While it's not surprising that the interstate rivals appear to be headed in completely different directions, it's probably a complete shock to many baseball fans that the team going south isn't the Marlins, who have been a laughingstock the past few seasons and were thought to be in a "rebuilding" year.
The young Marlins are on the upswing with a 31-28 record and in the mix at the top of the NL East. There is help on the way from a very talented farm system, and the front office will be looking to bolster the 25-man roster before the trade deadline.
The Rays, who have not had a losing season since that 96-loss campaign in 2007, are playing exactly how you'd expect a team with one of the lowest payrolls in baseball to play. There isn't a lot of help on the way. Their best young hitter, Wil Myers, is out for at least two months with a wrist injury, and their best young starting pitcher, Matt Moore, underwent season-ending Tommy John surgery in April.
Shortly after Wednesday's loss, the Chicago Cubs wrapped up a victory over the New York Mets and effectively jumped ahead of the Rays, who now have the worst record in baseball at 23-37 (.383 winning percentage).
Is it time to give up hope on this season and start looking to the future?
The AL East isn't the powerhouse it has been for several years. The world champion Boston Red Sox are only 4.5 games ahead of the Rays at 27-32 and might be the biggest disappointment in baseball.
The New York Yankees are one game above .500 and are playing like a .500 team. They're a .500 team on paper and probably won't venture too far in either direction for the rest of the season.
The Baltimore Orioles are solid but aren't good enough to run away with the division.
The first-place Toronto Blue Jays, who lead the Rays by 13.5 games, have one of the most dangerous lineups in baseball and are playing up to their potential. They might not have enough pitching depth, however, to sustain their pace.
On the other hand, have you seen Tampa Bay play baseball lately? It's ugly, and it's going to be tough for this team to jump back into contention.
The Rays have typically exceeded expectations and played winning baseball despite lacking much big-name talent. This is the rare season when Andrew Friedman, the team's executive vice president of baseball operations, has not been able to put together a playoff contender on a shoestring budget.
It was bound to happen. Now is the time for the Rays to go into "seller" mode and trade veterans for young talent that can help the squad in 2015 and beyond.
David Price would be the big fish on the trade market. He was going to be this past offseason, when the Rays were expected to at least listen to offers for their 28-year-old staff ace, but rumors were few and far between.
In all likelihood, the Rays' asking price was astronomical. And for good reason. For a top-of-the-rotation lefty in the prime of his career and with two years of team control, the starting point of any trade conversations should've been two elite prospects.
Now that Price is closer to being a year-and-a-half away from free agency, the Rays could drop their asking price slightly—but not by much.
With a 4.03 ERA, nine walks and 101 strikeouts in 13 starts (91.2 innings pitched), Price's value hasn't dropped very much. He's struck out at least 10 hitters in four different starts. He's completed at least seven innings eight times.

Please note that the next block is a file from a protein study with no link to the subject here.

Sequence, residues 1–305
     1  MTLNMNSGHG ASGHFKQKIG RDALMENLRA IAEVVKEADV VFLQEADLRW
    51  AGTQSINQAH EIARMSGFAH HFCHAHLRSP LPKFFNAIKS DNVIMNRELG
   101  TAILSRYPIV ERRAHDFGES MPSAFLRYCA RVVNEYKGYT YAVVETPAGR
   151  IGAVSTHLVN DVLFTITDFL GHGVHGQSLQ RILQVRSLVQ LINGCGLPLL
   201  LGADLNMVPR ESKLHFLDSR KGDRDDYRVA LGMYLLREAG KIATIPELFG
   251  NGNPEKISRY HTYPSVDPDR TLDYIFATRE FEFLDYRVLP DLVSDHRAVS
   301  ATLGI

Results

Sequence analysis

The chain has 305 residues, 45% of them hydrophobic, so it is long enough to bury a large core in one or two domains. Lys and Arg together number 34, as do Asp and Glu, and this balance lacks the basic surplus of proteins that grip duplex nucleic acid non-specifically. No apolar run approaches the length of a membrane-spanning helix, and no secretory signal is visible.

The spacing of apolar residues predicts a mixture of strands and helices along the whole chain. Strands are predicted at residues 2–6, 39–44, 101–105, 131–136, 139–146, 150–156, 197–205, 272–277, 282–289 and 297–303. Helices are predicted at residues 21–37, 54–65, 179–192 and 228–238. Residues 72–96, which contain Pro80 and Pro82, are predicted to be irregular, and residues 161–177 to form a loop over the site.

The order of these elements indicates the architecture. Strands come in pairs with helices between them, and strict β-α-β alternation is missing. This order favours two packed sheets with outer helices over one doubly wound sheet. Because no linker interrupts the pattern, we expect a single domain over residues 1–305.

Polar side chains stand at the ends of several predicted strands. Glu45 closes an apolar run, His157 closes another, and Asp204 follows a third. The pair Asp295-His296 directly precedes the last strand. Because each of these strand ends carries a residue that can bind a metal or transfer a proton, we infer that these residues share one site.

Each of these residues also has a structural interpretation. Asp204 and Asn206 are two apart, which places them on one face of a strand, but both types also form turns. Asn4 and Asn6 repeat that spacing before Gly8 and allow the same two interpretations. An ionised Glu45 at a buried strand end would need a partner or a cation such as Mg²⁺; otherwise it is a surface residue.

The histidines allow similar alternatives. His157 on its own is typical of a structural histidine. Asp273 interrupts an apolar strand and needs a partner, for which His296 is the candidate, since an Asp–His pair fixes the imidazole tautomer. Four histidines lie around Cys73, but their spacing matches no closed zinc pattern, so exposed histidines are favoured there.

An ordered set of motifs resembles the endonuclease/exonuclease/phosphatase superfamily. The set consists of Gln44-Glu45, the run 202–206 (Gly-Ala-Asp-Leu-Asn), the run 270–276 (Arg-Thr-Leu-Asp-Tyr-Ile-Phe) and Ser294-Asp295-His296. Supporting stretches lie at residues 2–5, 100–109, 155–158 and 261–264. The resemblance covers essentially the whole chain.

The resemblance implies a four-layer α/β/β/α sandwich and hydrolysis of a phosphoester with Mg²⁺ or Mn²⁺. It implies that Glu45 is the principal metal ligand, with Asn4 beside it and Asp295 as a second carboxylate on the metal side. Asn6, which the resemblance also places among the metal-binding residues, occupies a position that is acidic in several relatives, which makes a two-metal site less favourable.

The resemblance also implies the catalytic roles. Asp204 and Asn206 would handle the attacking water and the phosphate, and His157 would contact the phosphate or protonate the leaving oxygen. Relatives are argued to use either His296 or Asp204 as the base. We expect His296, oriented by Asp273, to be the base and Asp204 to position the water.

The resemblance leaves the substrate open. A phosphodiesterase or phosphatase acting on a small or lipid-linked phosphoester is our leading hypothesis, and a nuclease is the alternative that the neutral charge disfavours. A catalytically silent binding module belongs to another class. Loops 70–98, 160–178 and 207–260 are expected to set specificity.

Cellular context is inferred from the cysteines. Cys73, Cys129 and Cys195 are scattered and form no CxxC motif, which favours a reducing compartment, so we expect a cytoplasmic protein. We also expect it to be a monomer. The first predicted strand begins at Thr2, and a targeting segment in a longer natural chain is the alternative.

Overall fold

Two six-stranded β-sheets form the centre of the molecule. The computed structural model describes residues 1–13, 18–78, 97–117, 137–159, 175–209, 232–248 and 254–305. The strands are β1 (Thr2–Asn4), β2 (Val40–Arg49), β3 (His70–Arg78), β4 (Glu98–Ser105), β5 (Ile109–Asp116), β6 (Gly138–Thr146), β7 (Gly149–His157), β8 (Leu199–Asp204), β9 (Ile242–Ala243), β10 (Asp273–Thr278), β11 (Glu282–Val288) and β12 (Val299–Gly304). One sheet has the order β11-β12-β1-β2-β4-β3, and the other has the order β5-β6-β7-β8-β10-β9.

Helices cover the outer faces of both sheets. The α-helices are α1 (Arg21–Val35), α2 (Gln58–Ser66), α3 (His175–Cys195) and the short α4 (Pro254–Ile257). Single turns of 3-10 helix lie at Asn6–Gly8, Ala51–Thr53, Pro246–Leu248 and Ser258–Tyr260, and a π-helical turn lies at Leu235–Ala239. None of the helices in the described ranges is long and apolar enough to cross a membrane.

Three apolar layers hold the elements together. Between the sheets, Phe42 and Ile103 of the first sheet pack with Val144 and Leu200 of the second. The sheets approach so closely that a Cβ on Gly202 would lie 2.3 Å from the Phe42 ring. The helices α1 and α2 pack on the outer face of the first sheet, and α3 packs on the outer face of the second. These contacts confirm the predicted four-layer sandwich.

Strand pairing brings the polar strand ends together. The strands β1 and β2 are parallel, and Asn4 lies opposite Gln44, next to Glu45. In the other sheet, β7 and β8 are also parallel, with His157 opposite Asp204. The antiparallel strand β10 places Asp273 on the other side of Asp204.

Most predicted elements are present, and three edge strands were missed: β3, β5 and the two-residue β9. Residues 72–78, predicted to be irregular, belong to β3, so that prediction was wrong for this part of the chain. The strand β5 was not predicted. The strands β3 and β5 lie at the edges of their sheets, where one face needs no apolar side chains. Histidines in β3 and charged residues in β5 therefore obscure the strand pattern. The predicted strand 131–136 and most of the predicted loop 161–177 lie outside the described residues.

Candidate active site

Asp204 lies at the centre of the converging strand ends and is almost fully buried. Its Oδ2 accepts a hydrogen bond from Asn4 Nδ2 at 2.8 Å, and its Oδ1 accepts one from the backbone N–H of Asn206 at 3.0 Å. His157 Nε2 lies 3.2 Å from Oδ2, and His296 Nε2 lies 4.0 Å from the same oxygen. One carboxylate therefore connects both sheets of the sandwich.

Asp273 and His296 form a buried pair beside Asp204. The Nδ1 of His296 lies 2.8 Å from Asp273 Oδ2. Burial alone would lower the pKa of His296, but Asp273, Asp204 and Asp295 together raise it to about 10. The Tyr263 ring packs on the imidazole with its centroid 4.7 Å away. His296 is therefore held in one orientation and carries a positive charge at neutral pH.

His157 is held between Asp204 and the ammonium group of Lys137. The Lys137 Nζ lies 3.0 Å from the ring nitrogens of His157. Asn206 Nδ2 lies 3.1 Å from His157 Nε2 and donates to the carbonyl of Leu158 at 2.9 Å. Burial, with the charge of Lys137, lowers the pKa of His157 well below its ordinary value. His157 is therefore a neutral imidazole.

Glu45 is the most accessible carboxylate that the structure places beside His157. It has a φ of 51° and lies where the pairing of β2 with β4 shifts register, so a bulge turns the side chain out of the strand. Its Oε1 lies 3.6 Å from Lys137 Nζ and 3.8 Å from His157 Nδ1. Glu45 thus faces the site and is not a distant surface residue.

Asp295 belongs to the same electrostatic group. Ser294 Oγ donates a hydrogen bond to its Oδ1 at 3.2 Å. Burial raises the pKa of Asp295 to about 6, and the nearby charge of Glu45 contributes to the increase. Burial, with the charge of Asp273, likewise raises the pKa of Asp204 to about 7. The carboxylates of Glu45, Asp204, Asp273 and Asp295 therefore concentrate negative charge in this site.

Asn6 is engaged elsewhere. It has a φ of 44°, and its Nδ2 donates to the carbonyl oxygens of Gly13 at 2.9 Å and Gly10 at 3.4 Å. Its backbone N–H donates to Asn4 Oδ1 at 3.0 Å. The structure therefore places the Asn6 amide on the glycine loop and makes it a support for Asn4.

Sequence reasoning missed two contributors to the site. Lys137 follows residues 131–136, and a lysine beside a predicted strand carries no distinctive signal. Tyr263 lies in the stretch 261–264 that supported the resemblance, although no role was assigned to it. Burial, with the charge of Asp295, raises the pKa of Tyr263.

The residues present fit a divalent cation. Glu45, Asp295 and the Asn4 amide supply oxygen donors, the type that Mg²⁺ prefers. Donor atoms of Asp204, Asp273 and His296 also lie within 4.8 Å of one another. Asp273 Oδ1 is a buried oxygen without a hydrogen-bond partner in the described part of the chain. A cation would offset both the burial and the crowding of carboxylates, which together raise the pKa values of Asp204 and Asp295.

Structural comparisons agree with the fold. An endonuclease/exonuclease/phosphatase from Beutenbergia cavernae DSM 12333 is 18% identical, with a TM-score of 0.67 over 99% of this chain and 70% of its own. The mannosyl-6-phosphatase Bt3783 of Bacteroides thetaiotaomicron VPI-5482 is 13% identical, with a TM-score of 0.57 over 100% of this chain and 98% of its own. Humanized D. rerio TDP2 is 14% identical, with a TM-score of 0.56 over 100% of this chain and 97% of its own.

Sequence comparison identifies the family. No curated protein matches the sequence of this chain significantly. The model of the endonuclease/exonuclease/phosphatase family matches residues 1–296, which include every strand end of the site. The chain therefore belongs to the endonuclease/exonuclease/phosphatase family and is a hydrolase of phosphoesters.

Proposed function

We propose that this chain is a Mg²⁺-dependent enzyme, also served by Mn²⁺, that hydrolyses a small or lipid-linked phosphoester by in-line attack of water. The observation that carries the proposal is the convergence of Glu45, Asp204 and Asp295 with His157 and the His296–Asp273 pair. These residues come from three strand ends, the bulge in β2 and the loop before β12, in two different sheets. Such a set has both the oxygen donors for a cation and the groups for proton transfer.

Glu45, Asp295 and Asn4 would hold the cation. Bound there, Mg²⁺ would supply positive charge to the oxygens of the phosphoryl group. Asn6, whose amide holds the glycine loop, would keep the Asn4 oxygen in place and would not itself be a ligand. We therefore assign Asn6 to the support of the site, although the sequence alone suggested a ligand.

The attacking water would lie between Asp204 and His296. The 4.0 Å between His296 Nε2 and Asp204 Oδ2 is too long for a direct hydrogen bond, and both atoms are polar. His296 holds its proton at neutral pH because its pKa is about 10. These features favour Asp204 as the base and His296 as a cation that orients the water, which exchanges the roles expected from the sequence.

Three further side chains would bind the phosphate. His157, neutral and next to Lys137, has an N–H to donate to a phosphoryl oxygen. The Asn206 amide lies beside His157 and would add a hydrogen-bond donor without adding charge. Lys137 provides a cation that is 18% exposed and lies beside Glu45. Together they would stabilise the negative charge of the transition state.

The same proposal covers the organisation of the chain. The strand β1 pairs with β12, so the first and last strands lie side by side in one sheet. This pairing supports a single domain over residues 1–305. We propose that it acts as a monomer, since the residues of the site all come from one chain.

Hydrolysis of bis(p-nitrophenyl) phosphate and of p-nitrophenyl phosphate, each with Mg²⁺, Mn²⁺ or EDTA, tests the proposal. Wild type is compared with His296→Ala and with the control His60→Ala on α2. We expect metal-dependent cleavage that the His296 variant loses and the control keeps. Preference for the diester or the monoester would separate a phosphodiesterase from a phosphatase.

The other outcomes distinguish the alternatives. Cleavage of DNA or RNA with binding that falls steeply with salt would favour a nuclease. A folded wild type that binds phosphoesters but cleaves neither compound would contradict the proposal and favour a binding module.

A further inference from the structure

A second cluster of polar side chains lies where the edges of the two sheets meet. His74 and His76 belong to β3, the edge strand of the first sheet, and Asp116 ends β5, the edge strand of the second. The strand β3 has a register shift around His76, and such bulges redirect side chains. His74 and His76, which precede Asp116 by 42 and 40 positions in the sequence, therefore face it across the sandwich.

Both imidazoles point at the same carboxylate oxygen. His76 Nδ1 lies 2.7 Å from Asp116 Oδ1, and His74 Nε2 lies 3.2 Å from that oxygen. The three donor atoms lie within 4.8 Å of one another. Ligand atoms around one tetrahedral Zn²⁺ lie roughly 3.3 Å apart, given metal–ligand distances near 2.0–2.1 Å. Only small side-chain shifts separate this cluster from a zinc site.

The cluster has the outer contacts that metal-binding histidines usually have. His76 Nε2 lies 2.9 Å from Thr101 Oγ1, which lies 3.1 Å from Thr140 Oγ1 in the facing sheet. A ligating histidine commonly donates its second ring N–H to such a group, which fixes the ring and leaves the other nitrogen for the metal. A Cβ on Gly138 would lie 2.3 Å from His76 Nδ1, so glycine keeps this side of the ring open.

Price is still one of the best in the game, and the Rays won't trade him unless the return is great.
A 2015 rotation of Chris Archer, Alex Cobb, Jeremy Hellickson, Jake Odorizzi and either Nate Karns or Enny Romero, with Moore returning around midseason, could be very strong. And that doesn't include the elite starting pitching prospect the Rays could potentially get for Price.
Aside from Price, Friedman has several other trade chips that should draw interest.
Outfielders David DeJesus (.789 OPS, 5 HR, 12 2B) and Matt Joyce (.762 OPS, 3 HR) are having solid seasons at the plate and could be fits for teams looking to add a left-handed bat to their lineup. Rookie Kevin Kiermaier is playing regularly with Myers on the shelf, but he's also good enough to keep playing when Myers returns. That won't be possible unless one of DeJesus or Joyce is traded.
Ben Zobrist (.696 OPS, 4 HR, 8 2B, 3 SB) isn't having a terrific season, but the 33-year-old switch-hitter has an .812 OPS since 2009 with an average of 18 homers, 35 doubles, 17 stolen bases and 86 walks per season. With a team-friendly $7.5 million club option in 2015, the versatile Zobrist would have a ton of value on the trade market.
There is also plenty of time for closer Grant Balfour (5.23 ERA, 18 BB, 17 K) and setup man Joel Peralta (4.68 ERA) to turn things around and boost their value prior to the deadline.
Both of these veterans have been among the best in the game in their respective roles over the past few seasons. If they can pitch well over the next six weeks—Balfour struck out two in a scoreless inning the last time out; Peralta has four strikeouts in two scoreless innings over his last two outings—there will be plenty of contending teams asking about the duo.
Like Price, none of the aforementioned players have to be traded because each is under control beyond 2014. That gives Friedman leverage, which he'll try to use to his advantage.
If he comes up empty-handed, though, especially with Price, it could set the organization back to a point where we'll continue to live in this bizarro world where the Marlins are very good and the Rays are awful for several more years.
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